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Volvo Car Group’s work on pedestrian protection has been rewarded with the 2013 Global NCAP Innovation Award.
The prize was received by Prof. Lotta Jakobsson, Senior Technical Specialist Safety at Volvo Cars Safety Centre, at the Enhanced Safety of Vehicles (ESV) Conference in Seoul, South Korea.
At the ESV Conference, Prof. Lotta Jakobsson held a presentation about Volvo Cars’ achievements within pedestrian protection. She presented a paper on the Pedestrian Airbag Technology in the new Volvo V40.
“The purpose of the world’s first airbag for pedestrians is to help protect these vulnerable road users in certain situations when they impact the bonnet and the area around the windscreen, where there may be a risk of serious head injuries,” said Jakobsson.
The goal of this system is to address a global challenge
In China, 25 percent of traffic fatalities are pedestrians. In Europe, the figure is 14 percent and in the U.S., 12 percent.
A far larger numbers of pedestrians are injured.
The most serious head injuries involving pedestrians and cars are caused by the hard structure under the hood, the windshield’s lower edge and the A-pillars.
In 2010, Volvo Cars said it counteracted the statistics by launching Pedestrian Detection with full auto brake. The system can avoid a collision with a pedestrian at speeds of up to 35 kph (21.75 mph) if the driver does not respond in time. At higher speeds, the focus is on reducing the car’s speed as much as possible before the collision.
In order to mitigate the consequences if a collision with a pedestrian is unavoidable, the Volvo V40, launched in 2012, comes equipped with the world’s first Pedestrian Airbag Technology.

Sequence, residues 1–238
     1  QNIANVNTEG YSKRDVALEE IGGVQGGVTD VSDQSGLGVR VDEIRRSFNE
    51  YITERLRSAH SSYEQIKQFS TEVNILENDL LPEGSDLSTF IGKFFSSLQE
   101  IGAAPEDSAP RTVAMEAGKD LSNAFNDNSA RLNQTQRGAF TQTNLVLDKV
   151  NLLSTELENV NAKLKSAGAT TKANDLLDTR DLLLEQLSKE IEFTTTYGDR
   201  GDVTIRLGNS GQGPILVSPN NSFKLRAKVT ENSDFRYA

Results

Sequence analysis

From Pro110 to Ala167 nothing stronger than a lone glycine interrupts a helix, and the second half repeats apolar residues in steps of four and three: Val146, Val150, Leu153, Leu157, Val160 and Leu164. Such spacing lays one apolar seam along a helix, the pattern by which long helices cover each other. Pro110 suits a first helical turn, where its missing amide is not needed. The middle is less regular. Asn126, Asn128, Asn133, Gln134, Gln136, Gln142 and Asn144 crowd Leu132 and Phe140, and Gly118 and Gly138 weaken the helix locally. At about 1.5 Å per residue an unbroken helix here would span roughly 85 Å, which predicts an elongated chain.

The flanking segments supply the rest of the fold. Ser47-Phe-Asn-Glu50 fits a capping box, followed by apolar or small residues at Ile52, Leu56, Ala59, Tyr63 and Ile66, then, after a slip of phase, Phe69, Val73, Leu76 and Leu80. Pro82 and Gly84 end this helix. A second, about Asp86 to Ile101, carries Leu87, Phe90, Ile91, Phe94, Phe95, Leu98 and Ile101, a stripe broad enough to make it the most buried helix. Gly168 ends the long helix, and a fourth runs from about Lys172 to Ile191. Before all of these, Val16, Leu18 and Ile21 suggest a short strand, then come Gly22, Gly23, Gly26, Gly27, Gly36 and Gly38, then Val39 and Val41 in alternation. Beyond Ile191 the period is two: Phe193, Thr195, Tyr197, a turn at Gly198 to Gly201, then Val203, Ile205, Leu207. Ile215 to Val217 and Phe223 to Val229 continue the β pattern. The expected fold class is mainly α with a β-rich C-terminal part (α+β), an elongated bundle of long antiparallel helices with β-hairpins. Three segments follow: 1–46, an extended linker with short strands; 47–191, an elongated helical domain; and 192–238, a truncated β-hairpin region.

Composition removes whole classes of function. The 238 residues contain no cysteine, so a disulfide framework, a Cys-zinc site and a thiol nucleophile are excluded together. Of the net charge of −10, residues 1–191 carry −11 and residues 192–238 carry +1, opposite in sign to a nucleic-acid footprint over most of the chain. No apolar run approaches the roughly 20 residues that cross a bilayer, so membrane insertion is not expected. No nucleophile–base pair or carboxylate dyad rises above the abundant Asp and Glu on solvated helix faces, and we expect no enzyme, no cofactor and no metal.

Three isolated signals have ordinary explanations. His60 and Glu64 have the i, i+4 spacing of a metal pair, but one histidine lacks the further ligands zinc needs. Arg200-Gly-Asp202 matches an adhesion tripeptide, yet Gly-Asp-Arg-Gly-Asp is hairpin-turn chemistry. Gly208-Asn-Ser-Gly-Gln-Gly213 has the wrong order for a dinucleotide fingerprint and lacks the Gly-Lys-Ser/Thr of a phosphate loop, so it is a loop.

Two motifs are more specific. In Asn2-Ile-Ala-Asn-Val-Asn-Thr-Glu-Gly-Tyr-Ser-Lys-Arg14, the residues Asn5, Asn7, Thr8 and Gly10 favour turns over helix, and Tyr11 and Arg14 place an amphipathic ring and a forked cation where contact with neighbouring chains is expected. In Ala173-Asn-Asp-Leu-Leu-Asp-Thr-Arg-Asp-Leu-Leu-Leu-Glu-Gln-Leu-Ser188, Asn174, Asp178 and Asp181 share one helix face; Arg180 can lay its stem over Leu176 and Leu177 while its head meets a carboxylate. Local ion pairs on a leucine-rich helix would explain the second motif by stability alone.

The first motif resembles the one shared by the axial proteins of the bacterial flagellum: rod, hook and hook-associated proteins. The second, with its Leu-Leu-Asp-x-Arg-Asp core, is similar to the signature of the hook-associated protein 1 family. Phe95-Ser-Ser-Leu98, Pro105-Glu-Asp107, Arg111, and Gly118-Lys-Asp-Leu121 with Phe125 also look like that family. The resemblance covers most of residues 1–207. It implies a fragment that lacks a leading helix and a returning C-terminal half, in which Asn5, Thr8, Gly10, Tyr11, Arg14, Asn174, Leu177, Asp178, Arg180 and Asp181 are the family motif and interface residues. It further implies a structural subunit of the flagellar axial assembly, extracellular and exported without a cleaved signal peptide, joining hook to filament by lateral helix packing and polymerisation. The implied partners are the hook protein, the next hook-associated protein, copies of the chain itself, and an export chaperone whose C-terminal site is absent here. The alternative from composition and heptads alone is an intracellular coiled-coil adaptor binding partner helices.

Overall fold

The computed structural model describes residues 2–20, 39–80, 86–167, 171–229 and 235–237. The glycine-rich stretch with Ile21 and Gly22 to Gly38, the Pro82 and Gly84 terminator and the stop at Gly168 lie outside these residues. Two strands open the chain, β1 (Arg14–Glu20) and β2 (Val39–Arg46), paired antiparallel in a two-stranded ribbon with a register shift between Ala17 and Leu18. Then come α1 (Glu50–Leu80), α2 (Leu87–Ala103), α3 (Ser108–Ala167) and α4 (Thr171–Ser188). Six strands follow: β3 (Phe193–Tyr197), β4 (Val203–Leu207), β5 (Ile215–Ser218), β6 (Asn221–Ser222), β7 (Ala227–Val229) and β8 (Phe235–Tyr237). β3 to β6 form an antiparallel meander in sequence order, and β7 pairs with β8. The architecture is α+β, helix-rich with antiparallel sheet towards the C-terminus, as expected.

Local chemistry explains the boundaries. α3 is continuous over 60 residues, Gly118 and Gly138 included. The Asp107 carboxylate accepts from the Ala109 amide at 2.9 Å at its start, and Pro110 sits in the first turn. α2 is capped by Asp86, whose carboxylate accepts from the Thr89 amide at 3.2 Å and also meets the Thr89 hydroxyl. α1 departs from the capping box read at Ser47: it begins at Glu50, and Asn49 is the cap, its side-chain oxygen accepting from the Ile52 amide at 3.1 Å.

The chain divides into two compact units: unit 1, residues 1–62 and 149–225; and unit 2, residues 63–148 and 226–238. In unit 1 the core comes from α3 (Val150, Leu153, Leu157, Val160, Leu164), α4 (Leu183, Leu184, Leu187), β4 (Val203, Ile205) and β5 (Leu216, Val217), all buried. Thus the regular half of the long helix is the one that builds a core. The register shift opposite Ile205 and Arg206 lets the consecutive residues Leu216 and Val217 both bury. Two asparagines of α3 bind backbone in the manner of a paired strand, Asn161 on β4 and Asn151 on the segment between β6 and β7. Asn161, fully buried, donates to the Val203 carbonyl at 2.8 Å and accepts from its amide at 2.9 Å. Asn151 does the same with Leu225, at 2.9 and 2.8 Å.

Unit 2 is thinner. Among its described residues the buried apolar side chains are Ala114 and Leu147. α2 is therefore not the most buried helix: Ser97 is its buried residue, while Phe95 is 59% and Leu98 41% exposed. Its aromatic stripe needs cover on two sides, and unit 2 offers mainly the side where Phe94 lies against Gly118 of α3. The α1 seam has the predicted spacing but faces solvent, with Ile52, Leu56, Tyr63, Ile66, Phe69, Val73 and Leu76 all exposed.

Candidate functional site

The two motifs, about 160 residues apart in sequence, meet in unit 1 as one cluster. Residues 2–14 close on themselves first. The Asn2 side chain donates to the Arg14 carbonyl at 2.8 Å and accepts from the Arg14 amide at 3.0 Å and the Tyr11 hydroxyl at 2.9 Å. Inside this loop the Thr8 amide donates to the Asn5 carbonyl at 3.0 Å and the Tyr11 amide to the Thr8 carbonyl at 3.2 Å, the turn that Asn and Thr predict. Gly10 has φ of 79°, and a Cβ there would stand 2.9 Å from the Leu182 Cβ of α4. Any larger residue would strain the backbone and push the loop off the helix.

Seven sensors embedded in the front of the car transmit signals to a control unit. When the car comes into contact with an object, the control unit evaluates the signals and if it registers a human-like leg form, the pedestrian airbag is deployed.
The hood hinges are equipped with pyrotechnical release mechanisms which, when the system is activated, pull out a pin and release the rear of the hood. At the same time, the airbag is inflated. During the inflation sequence, the airbag raises the hood. It is lifted ten centimeters (four inches) and stays in the raised position.
The added gap between the hood and the hard components in the engine compartment gives space for the hood to deform, absorbing energy and dampening the impact of the pedestrian’s head and chest.
“The airbag has a dual function. It raises the hood to create distance. Then it helps to cushion the impact by covering the hard parts around the windshield,” explains Lotta Jakobsson.
In 2012, the all-new Volvo V40 achieved a five-star Euro NCAP rating and also won the Euro NCAP Best in Class in the Small Family class – with the best overall result ever recorded by the organization.
The V40 scored an all-time high in the pedestrian evaluation by attaining 88 percent of the total score.
“Several studies have documented that our collision-avoiding systems lead to significant accident reductions in real-life traffic. By continuously introducing new preventive and protective systems, we keep moving towards our aim that by 2020 no one should be injured or killed in a new Volvo,” said Jakobsson.